I’ve sat down to compose “on writing” many times over the past while, trying to come up with something insightful or purposeful about my own process — but I’ve come up short each time. The unremarkable truth is that I approach everything like a pop song.
I moved to Canada from Romania at age five, English-less. Language was an enemy, a spring of anxiety and insecurity. My reprieve was sitting in the back of my parents’ Chrysler, listening to late 90s hits, hanging on to melody and rhythm in lieu of semantics. It calmed me to hear something as scary as language packaged in a familiar and non-intimidating structure. I could feel Celine Dion’s sadness in “My Heart Will Go On” even though I thought she was singing something about Hercules (?). This (in)experience of words washed into the rest of my life. Before I really started to understand the English bouncing on, off, and around me, I heard it — waves of sound bopping rhythmically and melodically all over the place.
Years later, having discovered poetry, my process remains sound-based — some sort of linguistic calamity banging around my head to convey an emotion I can’t name. After the storm, I try to rearrange the sound into something semantically and/or visually coherent. As a partial result, my writing is a strangely sincere fib: biased in its interpretations and re-expression of events and emotions, and detached in language — in the direction the language takes its own damn self. I’ll think a phrase fits the intonation and rhythm of an emotion, but the phrase is a lie. It’s something I heard on the metro, at work, in a podcast; I cut-and-paste it into the bass-line of a poem about lost love.
My impression of the whole event aligns in part with Wordsworth’s, his view of poetry as a “spontaneous overflow of powerful emotions.” At the same time, my struggle with the slipperiness and elusiveness of words once had me partial to Barthes’ whole “Author is Dead” conspiracy. I really enjoyed that idea for a while, being dead. It absolves all responsibility. I’d write something obscure, and let the reader’s interpretation take it where it may. You don’t like what I said? Fooled you! there’s no “I”! it’s all on you! language is a mess!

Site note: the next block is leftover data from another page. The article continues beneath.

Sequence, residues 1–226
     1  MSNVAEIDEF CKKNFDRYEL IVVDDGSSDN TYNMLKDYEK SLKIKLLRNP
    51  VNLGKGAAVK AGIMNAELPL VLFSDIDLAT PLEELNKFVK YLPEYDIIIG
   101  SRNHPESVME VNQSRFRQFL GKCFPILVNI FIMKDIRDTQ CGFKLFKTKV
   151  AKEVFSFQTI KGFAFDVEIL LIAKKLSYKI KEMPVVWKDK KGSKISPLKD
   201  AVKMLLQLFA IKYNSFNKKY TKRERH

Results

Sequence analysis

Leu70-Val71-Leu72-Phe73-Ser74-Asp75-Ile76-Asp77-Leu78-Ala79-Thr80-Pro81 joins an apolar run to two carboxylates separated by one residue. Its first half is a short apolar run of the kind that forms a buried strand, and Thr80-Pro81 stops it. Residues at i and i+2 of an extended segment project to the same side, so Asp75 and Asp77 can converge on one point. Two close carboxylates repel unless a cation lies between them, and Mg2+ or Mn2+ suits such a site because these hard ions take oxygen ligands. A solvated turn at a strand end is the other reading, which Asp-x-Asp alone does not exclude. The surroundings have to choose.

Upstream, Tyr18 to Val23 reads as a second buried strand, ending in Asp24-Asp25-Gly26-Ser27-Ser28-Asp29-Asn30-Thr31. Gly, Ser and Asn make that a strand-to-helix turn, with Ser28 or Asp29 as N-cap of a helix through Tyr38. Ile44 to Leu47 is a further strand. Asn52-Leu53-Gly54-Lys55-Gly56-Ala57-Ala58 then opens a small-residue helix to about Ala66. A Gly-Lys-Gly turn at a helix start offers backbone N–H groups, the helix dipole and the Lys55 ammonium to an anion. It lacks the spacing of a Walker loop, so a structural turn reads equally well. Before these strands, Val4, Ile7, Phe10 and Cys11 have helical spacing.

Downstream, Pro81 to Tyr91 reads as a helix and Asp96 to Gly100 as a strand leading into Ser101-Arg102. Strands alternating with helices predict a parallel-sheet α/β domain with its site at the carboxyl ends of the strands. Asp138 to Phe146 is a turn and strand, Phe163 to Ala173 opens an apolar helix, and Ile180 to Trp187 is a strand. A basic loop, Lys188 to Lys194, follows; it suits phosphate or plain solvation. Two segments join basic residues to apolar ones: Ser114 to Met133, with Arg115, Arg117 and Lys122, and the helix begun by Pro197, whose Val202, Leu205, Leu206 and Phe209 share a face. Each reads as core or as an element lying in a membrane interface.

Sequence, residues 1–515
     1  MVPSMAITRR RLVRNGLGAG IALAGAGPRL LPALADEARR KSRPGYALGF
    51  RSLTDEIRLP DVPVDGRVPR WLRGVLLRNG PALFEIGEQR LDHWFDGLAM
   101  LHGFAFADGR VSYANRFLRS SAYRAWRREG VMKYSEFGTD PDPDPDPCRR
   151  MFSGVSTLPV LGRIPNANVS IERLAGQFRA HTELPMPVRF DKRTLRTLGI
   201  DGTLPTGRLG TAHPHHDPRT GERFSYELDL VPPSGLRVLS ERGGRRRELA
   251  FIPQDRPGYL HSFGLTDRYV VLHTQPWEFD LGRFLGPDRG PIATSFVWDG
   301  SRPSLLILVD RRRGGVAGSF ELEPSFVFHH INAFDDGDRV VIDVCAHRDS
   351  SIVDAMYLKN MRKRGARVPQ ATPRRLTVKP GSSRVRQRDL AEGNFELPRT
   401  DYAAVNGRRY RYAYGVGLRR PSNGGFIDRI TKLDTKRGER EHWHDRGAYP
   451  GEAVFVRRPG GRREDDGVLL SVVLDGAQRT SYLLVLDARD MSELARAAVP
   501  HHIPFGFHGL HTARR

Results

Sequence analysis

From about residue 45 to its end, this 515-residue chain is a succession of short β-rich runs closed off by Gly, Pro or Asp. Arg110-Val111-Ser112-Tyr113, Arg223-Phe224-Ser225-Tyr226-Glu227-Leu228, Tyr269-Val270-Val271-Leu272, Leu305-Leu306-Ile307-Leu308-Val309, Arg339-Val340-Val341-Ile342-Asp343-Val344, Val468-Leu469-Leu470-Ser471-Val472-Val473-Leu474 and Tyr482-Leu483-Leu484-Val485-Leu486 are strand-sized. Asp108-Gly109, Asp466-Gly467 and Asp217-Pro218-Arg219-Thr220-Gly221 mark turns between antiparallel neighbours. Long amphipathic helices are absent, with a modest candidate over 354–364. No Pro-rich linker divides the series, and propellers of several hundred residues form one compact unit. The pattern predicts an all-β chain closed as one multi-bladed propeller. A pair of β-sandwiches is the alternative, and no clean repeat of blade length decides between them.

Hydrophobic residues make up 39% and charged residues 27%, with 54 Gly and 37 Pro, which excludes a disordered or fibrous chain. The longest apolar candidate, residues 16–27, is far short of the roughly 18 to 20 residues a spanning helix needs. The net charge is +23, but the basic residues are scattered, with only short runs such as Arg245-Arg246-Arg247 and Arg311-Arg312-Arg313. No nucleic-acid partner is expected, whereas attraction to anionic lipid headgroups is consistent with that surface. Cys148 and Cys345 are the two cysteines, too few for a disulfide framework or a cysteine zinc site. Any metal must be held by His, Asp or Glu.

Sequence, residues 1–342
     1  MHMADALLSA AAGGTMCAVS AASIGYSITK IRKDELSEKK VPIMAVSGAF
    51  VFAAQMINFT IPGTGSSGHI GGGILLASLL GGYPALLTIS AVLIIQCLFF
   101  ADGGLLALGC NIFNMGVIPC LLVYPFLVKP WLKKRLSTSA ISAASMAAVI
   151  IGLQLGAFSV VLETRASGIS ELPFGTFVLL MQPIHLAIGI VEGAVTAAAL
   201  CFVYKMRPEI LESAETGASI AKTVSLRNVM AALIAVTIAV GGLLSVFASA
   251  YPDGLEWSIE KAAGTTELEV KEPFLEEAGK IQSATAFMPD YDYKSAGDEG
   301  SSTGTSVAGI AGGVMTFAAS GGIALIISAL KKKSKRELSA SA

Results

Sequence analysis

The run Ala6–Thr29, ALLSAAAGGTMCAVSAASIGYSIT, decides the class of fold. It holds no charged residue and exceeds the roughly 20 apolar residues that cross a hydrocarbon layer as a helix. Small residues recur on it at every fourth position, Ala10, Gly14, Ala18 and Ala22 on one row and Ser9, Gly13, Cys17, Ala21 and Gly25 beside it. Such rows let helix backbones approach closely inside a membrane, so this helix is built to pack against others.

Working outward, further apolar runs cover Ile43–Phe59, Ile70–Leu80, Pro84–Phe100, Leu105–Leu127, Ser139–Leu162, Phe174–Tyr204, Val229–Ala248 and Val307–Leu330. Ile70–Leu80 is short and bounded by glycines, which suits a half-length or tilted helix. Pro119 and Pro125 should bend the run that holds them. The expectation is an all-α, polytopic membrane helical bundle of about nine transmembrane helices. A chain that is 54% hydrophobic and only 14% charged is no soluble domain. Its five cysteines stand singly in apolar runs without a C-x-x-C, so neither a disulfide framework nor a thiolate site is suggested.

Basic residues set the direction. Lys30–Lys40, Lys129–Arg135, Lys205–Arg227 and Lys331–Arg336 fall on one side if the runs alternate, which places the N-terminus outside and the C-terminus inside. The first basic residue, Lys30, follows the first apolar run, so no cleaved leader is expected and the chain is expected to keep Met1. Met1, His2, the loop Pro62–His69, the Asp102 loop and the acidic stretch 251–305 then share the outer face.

Eventually, I came to understand the importance of accountability and intentionality, and of language as relationship, not as screaming into the void. Like any relationship, it takes a lot of work. I’m taking steps to combat my lifelong fear of meaning and the creative ways I’ve beat around it. My writing now comprises a balancing act between harnessing the arbitrary rhythm of words and an accountability to the meanings they hold in the world, their histories, and where I’ve borrowed them from.
Whether Celine’s singing about Hercules or Jack Dawson, it’s still liable to make me cry. My poetry — like a pop song, like a traditional Medieval ballad — aims to translate specific experiences into relatable universals, hopefully with new subtlety. In some way, these words are mine. In some way, they’re yours. We share them. More than anything I hope they can be a good enough soundtrack in this moment — for both of us.
Simina Banu is a Canadian poet. She is an outsider investigator of the oddities that inhabit the English language—from its strange punctuation, to its accidental musicality, to its meanings, unconfined by the structure of words, wandering and irretrievable. Her poetry has been featured in journals such as filling Station, The Feathertale Review, In/Words Magazine, untethered, and Otoliths. In 2015, words(on)pages press published her first chapbook, where art.